Iowa Racing & Gaming Commissioners Hear Casino Concerns And Support At Hearing
JOHNSTON – While there were lots of people speaking in support of the issuance of new casino licenses in Iowa, there were voices raised in opposition to such a move during a daylong public hearing conducted by the Iowa Racing and Gaming Commission Tuesday. The public hearing began at 9:30 a.m. at the Stony Creek Lodge in Johnston, and continued until 6:30 p.m., as both opponents and proponents of additional licenses and new casinos in Ottumwa, Lyon County, Tama County and Fort Dodge presented their cases to the five-member commission.
For local residents, the possibility of a new casino opening in Fort Dodge has been a point of concern, not only from officials of the Wild Rose Casino and Resort, but from business owners, community leaders and governmental officials in Palo Alto County. A total of seven individuals spoke before the commissioners during the public comment session on the Webster County gaming proposal Tuesday morning.
First to speak was Tom Timmons of Wild Rose Entertainment. “While we respect the supporters from Webster County that want a casino, we would respectfully re-state our opposition to their license application.”
Timmons cited the two studies that the IRGC had completed in 2009. “We feel that provides a pretty clear and concise picture of what would happen to Emmetsburg if a casino were constructed in Fort Dodge.”
Using the figures projected by the Innovation Group study on the impact of four new casinos on eight casinos being affected by greater than five percent, which included the Wild Rose Casino and Resort. Timmons presented the IRGC Commissioners with a graph showing the projected revenue loss in 2012 if new casinos were built.
“Looking at this graph, it’s very apparent that Emmetsburg is affected if all four casinos went in, losing 26.4 percent of its revenues, and 21 percent of that 26.4 percent comes from one casino, Fort Dodge,” Timmons pointed out. “That 21 percent is more affect than any other casino experiences.”
Citing the Iowa Administrative Code, Timmons reminded the commissioner that they must take into consideration the impact on existing operations of a casino from another. “Looking at these numbers and the impacts I’ve just shown you, and knowing what would happen, Emmetsburg would not be able to meet its debt commitments right now that we have. It would turn us upside down. I don’t know of a business around that can lose 21 to 26 percent of its revenues and still maintain the same debt structure. Therefore, I am respectfully asking that you deny the Webster County license application.”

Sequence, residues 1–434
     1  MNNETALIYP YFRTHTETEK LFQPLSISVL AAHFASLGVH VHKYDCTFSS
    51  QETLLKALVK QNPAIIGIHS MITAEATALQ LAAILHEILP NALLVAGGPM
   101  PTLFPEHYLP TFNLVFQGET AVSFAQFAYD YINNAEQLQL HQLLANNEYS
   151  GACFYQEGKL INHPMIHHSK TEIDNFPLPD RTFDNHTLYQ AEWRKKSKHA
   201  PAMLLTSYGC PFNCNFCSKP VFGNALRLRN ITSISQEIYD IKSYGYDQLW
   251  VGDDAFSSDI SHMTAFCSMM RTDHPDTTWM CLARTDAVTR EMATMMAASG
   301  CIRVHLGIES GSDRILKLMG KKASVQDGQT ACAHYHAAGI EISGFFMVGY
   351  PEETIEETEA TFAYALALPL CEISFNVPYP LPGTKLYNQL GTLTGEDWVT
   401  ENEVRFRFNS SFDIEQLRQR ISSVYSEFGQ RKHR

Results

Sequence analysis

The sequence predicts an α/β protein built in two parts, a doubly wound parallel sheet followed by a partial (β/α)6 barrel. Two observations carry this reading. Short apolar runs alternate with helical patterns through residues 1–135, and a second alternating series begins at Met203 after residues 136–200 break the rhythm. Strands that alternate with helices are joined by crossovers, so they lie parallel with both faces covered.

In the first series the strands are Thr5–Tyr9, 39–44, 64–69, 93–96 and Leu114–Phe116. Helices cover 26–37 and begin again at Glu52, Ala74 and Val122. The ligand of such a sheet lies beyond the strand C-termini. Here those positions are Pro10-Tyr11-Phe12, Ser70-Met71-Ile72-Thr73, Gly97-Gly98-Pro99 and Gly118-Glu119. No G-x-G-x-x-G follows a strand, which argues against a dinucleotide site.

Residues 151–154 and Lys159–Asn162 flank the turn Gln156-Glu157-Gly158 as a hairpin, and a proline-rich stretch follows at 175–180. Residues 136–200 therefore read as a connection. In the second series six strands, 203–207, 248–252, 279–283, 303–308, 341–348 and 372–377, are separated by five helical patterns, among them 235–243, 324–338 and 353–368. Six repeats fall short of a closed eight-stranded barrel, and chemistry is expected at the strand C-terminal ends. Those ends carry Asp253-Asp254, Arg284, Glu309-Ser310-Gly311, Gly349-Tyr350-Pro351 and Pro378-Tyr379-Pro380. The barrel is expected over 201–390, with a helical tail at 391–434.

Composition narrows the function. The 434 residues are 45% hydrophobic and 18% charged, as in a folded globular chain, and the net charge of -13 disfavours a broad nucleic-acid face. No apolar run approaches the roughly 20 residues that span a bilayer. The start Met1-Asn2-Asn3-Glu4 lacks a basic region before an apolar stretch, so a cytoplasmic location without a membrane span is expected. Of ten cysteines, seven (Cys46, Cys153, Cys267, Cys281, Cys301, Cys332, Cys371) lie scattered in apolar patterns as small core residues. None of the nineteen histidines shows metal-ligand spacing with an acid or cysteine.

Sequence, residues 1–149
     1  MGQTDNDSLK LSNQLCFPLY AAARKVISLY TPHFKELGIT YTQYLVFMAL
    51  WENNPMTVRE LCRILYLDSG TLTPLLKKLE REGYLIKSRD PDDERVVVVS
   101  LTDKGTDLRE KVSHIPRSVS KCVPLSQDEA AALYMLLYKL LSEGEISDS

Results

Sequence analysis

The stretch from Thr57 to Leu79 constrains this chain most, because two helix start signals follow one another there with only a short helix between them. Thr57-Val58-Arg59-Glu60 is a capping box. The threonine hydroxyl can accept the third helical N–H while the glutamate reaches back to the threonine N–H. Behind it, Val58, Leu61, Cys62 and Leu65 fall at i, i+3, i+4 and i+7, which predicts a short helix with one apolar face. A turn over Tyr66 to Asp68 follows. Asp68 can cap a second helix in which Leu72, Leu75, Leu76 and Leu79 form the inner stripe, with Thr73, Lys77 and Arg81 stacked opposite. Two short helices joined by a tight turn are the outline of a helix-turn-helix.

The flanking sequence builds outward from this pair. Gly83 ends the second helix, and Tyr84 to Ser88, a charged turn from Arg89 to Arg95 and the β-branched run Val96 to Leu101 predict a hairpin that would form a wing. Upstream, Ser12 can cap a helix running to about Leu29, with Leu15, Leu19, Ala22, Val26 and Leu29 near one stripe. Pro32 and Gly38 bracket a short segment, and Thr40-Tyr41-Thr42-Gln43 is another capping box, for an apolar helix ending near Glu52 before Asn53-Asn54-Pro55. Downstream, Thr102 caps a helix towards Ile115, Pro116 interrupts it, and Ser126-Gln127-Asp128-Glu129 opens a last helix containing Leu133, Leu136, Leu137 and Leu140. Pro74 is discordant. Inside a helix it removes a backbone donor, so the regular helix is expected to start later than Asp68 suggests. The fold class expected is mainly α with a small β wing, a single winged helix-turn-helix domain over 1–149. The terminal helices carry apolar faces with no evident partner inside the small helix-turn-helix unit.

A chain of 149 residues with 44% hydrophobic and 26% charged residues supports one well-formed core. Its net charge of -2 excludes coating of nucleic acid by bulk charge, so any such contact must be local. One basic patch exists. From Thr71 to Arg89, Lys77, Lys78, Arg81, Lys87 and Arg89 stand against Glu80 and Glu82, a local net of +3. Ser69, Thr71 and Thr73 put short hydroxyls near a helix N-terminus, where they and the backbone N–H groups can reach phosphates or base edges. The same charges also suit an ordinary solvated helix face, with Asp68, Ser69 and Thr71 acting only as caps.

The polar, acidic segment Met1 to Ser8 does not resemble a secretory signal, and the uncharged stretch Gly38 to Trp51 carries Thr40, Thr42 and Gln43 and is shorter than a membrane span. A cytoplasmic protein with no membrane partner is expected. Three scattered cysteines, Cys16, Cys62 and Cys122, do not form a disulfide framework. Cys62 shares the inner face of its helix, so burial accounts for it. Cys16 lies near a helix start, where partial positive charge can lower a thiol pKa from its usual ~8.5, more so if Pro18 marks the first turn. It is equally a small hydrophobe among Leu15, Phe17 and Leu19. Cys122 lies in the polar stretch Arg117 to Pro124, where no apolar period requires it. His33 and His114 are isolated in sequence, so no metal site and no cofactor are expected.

Nate Newhouse, a member of the Palo Alto County Gaming Development Corporation told the IRGC Commissioners he understood why there were four applications to build casinos before them. “The original license to Palo Alto County in 2005 did not hurt or take away business from any existing casino,” Newhouse continued. “It did not cause the kind of job losses that we’re facing right now in any other community in the state. In fact, it was the perfect opportunity to create jobs, raise tax dollars for our state and stimulate the regional economy, without cannibalizing any other market, and I applaud the commission for the decision you made, and I also implore you to keep that decision in mind when you make your decision next week.”
Emmetsburg City Administrator John Bird spoke on behalf of the community and spoke of the efforts it took to obtain the license for Palo Alto County. “As a City of Emmetsburg spokesman here today, I want to make sure that you commissioners, and everyone else here understand that we wish no ill on our neighbors in Fort Dodge and Webster County.”